Nemi is a small crater lake in the Alban Hills near Rome, famous because of the Arician grove nearby, which in ancient times held a priest-king, who was killed by his successor. The origin and meaning of this custom was the spur to Sir James Frazer for his monumental study of mythology, The Golden Bough.
On the shores of Lake Nemi, Latin name Lacus Nemorensis, was a temple of Diana. For that reason it was also called Speculum Dianae, Diana's mirror. In this grove was the golden bough, immortalized in Turner's painting. It was a haven for runaway slaves. One such was presented with a challenge by Diana, to kill a champion she had put in the grove. He pulled away a huge branch from an oak, and defeated the champion, for which Diana rewarded him with the title Rex Nemorensis. The name is related to the Greek nemos 'grove'.
In the sacred grove there grew a certain tree round which at any time of the day, and probably far into the night, a grim figure might be seen to prowl. In his hand he carried a drawn sword, and he kept peering warily about him as if at every instant he expected to be set upon by an enemy. He was a priest and a murderer; and the man for whom he looked was sooner or later to murder him and hold the priesthood in his stead. Such was the rule of the sanctuary.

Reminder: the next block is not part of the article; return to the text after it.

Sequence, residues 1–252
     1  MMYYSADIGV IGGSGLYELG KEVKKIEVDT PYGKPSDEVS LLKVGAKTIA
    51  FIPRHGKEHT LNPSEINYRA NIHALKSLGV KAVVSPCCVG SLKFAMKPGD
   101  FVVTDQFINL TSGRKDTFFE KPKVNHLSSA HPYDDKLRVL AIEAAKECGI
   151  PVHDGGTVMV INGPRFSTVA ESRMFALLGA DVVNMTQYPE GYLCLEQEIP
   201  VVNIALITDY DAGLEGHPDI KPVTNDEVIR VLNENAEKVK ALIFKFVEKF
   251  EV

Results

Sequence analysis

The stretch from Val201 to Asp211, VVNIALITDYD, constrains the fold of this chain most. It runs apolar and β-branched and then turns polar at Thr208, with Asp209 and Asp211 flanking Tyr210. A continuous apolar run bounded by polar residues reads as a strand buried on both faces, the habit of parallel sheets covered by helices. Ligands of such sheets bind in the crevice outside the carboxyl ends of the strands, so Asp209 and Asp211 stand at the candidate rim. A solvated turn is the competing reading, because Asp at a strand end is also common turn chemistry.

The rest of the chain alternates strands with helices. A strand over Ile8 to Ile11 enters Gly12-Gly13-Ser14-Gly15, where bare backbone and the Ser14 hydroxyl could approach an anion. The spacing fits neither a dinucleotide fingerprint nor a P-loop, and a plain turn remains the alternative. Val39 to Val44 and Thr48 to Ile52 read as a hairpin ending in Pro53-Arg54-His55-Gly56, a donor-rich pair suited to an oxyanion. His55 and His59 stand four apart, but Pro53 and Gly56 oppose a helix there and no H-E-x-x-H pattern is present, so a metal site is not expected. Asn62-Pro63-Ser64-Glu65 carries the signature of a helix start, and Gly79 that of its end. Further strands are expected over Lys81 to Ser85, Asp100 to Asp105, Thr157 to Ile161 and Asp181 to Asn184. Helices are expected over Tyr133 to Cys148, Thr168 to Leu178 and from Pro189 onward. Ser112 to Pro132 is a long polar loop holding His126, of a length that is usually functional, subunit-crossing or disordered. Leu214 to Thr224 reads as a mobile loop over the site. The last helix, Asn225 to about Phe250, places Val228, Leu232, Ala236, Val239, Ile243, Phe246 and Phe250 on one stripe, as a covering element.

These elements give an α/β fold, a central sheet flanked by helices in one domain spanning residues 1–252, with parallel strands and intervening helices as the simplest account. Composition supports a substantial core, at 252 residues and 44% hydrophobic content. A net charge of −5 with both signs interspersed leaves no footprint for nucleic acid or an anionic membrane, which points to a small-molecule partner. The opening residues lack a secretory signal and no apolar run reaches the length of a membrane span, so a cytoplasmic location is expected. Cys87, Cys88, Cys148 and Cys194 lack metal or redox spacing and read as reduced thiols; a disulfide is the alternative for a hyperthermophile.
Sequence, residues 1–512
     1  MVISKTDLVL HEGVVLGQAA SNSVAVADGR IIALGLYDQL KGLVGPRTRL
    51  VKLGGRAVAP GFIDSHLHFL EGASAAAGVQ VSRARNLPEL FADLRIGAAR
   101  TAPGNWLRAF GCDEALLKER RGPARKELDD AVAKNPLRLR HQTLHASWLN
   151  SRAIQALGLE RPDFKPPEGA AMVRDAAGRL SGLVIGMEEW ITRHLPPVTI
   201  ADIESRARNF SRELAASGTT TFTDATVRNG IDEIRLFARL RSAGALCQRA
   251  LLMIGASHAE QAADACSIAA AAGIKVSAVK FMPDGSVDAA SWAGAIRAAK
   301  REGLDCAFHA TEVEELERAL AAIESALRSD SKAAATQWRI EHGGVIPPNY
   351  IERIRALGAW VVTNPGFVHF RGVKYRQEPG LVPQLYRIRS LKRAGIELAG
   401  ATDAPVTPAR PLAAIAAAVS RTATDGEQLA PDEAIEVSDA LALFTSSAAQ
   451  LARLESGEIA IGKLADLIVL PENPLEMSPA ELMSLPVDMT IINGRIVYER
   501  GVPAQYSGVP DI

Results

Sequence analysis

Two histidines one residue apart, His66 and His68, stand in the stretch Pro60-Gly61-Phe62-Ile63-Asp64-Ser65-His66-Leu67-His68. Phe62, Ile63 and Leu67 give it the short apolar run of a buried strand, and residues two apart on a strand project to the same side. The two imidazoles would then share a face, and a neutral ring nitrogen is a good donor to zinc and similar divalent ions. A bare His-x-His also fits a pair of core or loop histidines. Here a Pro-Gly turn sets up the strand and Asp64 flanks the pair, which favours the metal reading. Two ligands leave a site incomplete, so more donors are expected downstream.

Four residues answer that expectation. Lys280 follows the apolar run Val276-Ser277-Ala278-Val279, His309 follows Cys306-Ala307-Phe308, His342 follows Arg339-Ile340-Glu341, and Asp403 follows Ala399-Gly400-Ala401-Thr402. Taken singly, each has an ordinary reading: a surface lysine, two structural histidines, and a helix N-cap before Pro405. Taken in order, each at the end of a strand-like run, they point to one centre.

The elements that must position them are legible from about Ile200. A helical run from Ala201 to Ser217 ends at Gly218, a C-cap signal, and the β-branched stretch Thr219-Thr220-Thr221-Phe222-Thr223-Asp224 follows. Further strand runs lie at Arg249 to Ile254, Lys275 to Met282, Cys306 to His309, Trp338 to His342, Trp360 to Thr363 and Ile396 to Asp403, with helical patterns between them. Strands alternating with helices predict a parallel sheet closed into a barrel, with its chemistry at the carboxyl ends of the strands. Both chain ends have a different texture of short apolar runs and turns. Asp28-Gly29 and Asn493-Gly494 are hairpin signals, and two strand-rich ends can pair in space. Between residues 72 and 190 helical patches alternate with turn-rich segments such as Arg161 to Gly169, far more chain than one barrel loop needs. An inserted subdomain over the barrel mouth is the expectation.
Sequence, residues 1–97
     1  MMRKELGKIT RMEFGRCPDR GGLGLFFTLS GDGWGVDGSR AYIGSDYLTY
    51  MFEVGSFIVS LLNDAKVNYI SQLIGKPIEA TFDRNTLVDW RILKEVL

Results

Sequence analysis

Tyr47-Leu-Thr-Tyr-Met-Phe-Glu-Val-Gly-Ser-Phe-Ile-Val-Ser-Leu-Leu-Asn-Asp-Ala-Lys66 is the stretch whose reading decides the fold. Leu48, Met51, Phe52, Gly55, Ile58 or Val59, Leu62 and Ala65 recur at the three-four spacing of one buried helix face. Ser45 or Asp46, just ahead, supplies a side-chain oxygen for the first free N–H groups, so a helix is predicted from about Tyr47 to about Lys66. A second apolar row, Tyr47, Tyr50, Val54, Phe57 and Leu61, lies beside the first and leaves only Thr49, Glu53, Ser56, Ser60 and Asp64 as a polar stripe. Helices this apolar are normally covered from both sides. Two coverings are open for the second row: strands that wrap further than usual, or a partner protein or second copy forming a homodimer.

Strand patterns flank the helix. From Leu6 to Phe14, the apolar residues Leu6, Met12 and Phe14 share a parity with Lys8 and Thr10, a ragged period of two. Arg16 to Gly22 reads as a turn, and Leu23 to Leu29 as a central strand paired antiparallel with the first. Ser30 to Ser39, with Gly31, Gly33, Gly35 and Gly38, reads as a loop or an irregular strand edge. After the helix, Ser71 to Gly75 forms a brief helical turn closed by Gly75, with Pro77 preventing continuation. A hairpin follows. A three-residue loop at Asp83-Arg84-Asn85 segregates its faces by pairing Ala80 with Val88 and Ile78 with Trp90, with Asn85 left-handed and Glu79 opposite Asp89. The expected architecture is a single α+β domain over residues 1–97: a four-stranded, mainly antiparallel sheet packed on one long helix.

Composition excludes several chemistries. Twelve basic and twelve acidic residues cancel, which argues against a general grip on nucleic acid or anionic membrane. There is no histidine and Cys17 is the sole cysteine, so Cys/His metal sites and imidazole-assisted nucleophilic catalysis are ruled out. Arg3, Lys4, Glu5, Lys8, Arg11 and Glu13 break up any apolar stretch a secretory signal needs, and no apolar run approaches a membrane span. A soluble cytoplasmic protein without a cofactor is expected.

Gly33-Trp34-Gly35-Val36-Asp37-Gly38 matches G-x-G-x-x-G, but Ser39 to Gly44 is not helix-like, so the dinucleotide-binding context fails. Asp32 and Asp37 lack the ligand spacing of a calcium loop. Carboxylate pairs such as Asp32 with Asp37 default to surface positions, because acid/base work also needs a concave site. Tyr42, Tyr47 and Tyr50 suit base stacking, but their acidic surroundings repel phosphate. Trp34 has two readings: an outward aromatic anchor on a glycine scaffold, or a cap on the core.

A candidate for the priesthood could only succeed to office by slaying the priest, and having slain him, he retained office till he was himself slain by a stronger or a craftier. The post which he held by this precarious tenure carried with it the title of king ; but surely no crowned head ever lay uneasier, or was visited by more evil dreams, than his. For year in year out, in summer and winter, ill fair weather and in foul, he had to keep his lonely watch, and whenever he snatched a troubled slumber it was at the peril of his life. The least relaxation of his vigilance, the smallest abatement of his strength of limb or skill of fence, put him in jeopardy grey hairs might seal his death-warrant.
During drainage of Nemi in 1930, two Roman ships were discovered, probably pleasure barges of the emperor Caligula. In 1944 these were burned by the retreating German army.
The King of the Wood
The still glassy lake that sleeps
Beneath Arica's trees -
Those trees in whose dim shadow
The ghastly priest doth reign
The priest who slew the slayer
And shall himself be slain